Heartburn, also known as gastric reflux or indigestion, happens after you eat and food is in your stomach. In the stomach, food is broken down by acids. Usually these acids stay in your stomach because a valve blocks the acids from going up the esophagus. Sometimes this valve doesn't work properly because the muscle weakens. When this happens, gastric acids can travel up the esophagus and cause a burning sensation -- this is heartburn. When these acids travel up into the mouth and then down into the lungs, they can cause gastroesophageal reflux disease (GERD).
Symptoms of heartburn and GERD include:
irritating burning sensation in the chest or throat
middle back pain
bitter, acidic taste in the mouth
an increase in the burning sensation while lying down
Breast cancer treatments that can cause heartburn and GERD are:
Tykerb (chemical name: lapatinib), a targeted therapy
Bisphosphonates, medicines that are used to protect bones during breast cancer treat...
When looking into reflux symptoms one of the relatively new things for doctors to consider is eosinophilic esophagitis (EoE). While considered rare, it’s becoming more commonly diagnosed. In fact, the American Partnership for Eosinophilic Disorders states that the current belief is that it is found in more than 1 in 2000 people and diagnosis has increased dramatically over the past 10 years.
Eosinophils are white blood cells . White blood cells are important to help us fight infection. Eosinophils are specifically important for fighting off infection and may also be increased during allergies.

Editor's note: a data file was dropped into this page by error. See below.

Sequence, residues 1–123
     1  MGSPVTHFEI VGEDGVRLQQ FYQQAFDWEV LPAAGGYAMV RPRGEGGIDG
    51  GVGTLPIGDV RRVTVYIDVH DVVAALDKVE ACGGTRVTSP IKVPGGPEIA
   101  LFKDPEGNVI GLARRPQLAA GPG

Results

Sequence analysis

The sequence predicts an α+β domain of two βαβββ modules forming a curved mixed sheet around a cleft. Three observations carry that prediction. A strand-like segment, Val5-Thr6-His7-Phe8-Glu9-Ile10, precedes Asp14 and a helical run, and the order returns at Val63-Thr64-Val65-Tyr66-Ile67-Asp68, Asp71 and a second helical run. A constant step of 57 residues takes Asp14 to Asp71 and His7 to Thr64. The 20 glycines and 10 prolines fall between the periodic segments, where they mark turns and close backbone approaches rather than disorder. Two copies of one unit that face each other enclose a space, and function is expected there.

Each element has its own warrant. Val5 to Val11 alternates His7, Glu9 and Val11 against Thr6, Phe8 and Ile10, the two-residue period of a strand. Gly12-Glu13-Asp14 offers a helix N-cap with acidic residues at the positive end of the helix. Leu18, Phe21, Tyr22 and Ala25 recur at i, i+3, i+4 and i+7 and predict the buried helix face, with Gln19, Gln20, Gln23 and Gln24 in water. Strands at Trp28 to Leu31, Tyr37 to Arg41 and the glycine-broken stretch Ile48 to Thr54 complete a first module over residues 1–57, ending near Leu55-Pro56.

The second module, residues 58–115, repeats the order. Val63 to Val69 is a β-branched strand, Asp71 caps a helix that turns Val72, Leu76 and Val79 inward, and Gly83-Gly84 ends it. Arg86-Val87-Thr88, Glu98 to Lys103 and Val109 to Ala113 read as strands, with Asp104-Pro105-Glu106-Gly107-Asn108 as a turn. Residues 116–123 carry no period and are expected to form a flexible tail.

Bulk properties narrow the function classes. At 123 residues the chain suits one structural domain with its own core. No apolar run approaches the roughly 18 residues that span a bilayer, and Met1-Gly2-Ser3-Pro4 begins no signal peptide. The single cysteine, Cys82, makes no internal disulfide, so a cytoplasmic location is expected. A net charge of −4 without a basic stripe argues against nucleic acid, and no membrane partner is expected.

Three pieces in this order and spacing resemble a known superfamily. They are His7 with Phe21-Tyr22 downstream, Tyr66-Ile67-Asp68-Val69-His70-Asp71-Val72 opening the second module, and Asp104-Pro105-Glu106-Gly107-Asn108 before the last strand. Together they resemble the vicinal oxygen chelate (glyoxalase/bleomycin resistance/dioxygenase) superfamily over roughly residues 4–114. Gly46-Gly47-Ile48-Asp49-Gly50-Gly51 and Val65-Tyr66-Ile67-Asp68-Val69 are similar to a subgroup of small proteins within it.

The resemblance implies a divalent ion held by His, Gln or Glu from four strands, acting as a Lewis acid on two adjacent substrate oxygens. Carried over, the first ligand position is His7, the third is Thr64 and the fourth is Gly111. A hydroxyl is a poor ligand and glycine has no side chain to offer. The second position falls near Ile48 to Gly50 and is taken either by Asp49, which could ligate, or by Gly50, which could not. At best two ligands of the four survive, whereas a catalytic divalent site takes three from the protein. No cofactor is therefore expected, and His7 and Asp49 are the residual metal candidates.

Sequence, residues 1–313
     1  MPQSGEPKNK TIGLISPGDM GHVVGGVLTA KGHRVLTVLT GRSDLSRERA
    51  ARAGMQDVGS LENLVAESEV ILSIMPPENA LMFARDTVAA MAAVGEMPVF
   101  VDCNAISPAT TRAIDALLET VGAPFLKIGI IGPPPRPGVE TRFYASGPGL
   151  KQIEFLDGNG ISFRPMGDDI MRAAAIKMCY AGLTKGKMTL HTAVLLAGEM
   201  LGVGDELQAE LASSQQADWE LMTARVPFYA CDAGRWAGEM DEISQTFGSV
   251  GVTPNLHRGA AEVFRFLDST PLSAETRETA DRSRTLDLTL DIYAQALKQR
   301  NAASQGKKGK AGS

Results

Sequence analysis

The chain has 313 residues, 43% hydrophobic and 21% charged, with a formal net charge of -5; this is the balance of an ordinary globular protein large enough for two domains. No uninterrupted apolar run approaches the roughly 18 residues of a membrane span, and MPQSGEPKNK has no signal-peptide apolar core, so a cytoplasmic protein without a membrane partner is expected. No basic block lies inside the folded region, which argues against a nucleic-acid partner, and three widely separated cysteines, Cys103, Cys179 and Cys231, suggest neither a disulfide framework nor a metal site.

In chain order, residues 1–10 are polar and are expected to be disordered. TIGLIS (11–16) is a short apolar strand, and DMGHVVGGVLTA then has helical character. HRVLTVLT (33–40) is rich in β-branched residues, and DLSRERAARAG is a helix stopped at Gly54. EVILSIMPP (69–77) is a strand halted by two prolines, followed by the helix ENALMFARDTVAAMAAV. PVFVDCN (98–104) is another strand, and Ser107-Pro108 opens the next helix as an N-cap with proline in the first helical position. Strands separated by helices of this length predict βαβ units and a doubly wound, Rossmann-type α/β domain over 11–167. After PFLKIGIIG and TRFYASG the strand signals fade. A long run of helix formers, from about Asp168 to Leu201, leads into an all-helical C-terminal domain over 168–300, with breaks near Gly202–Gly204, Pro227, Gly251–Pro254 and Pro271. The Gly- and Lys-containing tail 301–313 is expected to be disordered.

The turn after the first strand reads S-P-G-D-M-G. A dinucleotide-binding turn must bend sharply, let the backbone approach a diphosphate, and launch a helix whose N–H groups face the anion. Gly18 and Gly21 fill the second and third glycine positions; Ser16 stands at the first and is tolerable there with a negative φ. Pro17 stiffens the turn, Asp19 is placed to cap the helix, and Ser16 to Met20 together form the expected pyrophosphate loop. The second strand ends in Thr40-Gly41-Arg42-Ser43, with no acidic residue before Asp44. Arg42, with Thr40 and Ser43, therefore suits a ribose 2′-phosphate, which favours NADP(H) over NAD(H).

The symptoms of EoE are similar to those of reflux and may include: reflux that doesn’t respond to medication, difficulty swallowing (dysphagia), nausea and/or vomiting, stomach pain, poor appetite and/or difficulty sleeping.
A doctor may decide to test for EoE if the patient has the above symptoms, or the doctor may find EE during a endoscopy scheduled for...
This is a condition resulting from motility disorders of the esophagus ranging from absent peristalsis to hyperperistalsis and spasm. Diffuse esophageal spasm typically causes substernal chest pain in association with difficulty in swallowing (dysphagia) of both liquids and solids. The pain may be severe and may awaken the patient from sleep. Liquids that are very hot or cold may aggravate the pain. With time, this disorder may evolve into achalasia (failure to relax smooth muscle fibers of the gastrointestinal tract). There may be reflux of recently swallowed food. Combinations of all of these with abnormal lower or upper esophageal sphincter function complete the clinical picture. Esophageal spasm may also produce a severe pain in the absence of dysphagia that is indistinguishable from angina pectoris . This pain is often described as a substernal squeezing pain and may occur in association with exercise. A specific cause is seldom found, but there may be associated reflux esophagitis (i...
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